- An early start as we drive westwards into Connecticut to New Haven. The focus of our visit is to explore Yale University’s Art Collections in its two public art galleries, also an integral aspect of teaching and research at the University. A stroll through Ye Olde Yard will reveal Yale’s oldest spaces and impressive faculty buildings. We then visit the Yale University Art Gallery - though encyclopaedic, the collection’s accent is on European Old Masters and American Art. Following a group lunch we visit the Yale Center for British Art. Personally acquired and bequeathed by Paul Mellon, it is the largest of its kind outside Britain with art from Elizabethan times to the present day. We return to Newport where the evening will be free.
- Day 4: Friday 9 October
- Today we visit the most opulent of Newport’s mansions, beginning at the summer home of Cornelius Vanderbilt II, The Breakers. Utterly ambitious in intent, The Breakers is modelled on the merchant-prince palaces of Italy, its spaces awash with the finest European marbles, tapestries and furnishings. Richard Morris Hunt’s classical designs continue at Marble House, built for William K Vanderbilt and modelled on Versailles’ Petit Trianon, both externally and internally. We have a group lunch in the estate’s charming Chinese Tea House and the remainder of the day will be free to explore Newport at leisure.
- Day 5: Saturday 10 October
- This morning we shall visit The Elms, modelled on the exquisite mid eighteenth century French Château d’Asnières. The interiors have wonderful Louis XVI period decorative arts set within dazzling room settings. Château sur Mer is one of the most complete Victorian revival houses in Newport, with Hunt’s additions to this grand house rooted in French, Italian and Chinese sources. After lunch, not included, we visit the eighteenth century merchant’s home, Hunter House. An important statement from Newport’s commercial might of the 1740s, a notable collection of period furnishings is displayed. We end with a visit to Sanford-Covell House. This late Victorian villa is a rare survival along the seafront where the owner will receive us for drinks and a private visit. The evening will be free.
- Day 6: Sunday 11 October
- We return to Connecticut and drive to Old Lyme, located close to the Connecticut River, to visit the Florence Griswold Museum. One of New England’s most vibrant Impressionist art colonies, today the collections are divided between a small museum and the late Georgian house where the Lyme Art Colony boarded. We continue northwards to Hill-Stead House at Farmington. Designed by America’s first female architect, Theodate Pope Riddle, this Colonial Revival home retains a small collection of Impressionist works of great quality. A sunken garden designed by the renowned Beatrix Farrand is but one of the estate’s many charms. We pause for lunch, not included, at nearby New Britain and the Museum of American Art. America’s first museum is dedicated to American art with all the major schools and movements engagingly displayed. We return to Newport where later in the evening we have dinner in an excellent local restaurant.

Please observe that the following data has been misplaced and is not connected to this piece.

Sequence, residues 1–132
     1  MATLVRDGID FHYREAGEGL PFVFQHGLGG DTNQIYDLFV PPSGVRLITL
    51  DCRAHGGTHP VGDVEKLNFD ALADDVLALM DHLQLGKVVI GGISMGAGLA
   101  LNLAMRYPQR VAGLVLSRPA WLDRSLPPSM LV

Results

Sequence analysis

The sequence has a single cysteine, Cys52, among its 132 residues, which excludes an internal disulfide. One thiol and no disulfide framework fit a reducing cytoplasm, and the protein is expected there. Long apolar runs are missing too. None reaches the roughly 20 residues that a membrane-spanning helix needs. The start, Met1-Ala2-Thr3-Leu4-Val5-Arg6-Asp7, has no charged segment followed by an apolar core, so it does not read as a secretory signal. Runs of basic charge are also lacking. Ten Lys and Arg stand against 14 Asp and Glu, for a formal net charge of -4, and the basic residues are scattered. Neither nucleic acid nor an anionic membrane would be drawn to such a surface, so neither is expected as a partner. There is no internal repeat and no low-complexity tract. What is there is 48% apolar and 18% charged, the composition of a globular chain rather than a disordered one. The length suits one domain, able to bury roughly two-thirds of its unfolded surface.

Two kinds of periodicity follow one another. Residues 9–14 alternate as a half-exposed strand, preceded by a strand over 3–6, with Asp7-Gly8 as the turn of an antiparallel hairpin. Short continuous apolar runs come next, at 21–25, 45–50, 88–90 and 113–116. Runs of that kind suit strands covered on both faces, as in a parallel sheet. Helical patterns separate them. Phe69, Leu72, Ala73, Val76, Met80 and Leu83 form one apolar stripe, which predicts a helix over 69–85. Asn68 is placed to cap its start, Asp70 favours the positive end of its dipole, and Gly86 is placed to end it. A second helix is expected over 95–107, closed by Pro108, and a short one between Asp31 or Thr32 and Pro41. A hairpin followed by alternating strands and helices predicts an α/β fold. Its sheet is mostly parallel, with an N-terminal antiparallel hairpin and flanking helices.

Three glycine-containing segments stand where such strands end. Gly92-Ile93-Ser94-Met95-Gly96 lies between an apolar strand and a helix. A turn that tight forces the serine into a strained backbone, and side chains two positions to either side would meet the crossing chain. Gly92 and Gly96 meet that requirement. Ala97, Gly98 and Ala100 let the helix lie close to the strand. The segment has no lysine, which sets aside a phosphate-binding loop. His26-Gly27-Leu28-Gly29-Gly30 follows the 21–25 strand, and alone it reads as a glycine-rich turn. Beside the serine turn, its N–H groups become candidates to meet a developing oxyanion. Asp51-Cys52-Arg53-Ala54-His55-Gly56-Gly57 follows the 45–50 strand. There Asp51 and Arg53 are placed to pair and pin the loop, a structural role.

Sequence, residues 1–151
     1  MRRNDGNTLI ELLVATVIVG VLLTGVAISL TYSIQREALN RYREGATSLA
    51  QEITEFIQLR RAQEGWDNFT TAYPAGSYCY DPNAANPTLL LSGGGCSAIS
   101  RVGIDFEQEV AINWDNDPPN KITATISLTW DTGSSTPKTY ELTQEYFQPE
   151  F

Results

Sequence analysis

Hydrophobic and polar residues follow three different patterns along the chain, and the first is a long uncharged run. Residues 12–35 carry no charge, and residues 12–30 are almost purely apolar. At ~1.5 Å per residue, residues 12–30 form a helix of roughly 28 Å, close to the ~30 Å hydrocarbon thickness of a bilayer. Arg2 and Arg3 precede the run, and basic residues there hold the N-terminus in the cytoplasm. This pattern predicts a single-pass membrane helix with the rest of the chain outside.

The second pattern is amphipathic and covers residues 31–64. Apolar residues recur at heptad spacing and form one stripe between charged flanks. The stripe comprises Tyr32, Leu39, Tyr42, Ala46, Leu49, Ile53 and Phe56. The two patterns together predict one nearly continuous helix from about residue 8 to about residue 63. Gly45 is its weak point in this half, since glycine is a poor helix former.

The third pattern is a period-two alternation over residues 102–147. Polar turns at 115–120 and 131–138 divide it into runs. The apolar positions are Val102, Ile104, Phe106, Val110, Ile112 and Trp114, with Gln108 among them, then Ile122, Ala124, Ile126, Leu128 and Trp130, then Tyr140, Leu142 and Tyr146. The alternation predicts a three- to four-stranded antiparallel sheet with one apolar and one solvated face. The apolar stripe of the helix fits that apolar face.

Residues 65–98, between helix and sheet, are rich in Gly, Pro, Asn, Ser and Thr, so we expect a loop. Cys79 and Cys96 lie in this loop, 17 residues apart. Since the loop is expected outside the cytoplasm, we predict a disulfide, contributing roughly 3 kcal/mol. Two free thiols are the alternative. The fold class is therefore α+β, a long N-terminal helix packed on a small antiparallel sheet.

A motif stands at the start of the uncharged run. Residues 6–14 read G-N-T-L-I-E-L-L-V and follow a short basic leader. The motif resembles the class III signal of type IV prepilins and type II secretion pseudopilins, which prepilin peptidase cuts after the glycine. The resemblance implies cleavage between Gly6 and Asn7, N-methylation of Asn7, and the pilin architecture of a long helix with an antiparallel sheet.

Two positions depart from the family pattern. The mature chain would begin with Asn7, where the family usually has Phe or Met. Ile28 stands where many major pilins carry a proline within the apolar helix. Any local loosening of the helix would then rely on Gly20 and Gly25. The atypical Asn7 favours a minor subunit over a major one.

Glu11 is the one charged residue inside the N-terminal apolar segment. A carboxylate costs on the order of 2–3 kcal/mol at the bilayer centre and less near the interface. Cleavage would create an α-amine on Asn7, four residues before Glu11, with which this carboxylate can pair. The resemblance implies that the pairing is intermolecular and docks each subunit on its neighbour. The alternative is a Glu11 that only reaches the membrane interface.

- Days 7 & 8: Monday 12 & Tuesday 13 October
- On our final day we visit Rough Point. This spectacular manor lies in grounds designed by Fredrick Law Olmsted and is forever linked to the heiress Doris Duke who spent most of her summers here. Superb decorative arts and paintings fill the grand rooms in what is today a house museum. Weather permitting, we plan to take a boat trip in a restored 1920’s ‘Rum Runner’ around Newport’s harbour and Narragansett Bay. After a final group lunch on the Wharf and some free time, we return to Boston Logan airport for our flight back to the UK, arriving at Heathrow on Tuesday morning.
- Price: £3,835 per person
- Price without flights: £3,385
- Deposit: £550
- Single Supplement: £795 (Double Room for Sole Use)
- Tour Manager: James Hill
6 nights with breakfast at the 4* Hotel Viking, located at the edge of the Newport’s ‘Old Quarter’
Outward: BA213 Depart London Heathrow (Terminal 5) 1115 Arrive Boston Logan 1335
Return: BA202 Depart Boston Logan 2140 Arrive London Heathrow (Terminal 5) 0910
2 dinners & 3 lunches with water, wine & coffee, all local transfers, entry fees & gratuities
Travel to/from Heathrow, 4 dinners & 3 lunches
We do expect a reasonable level of fitness. For full details see our frequently asked questions.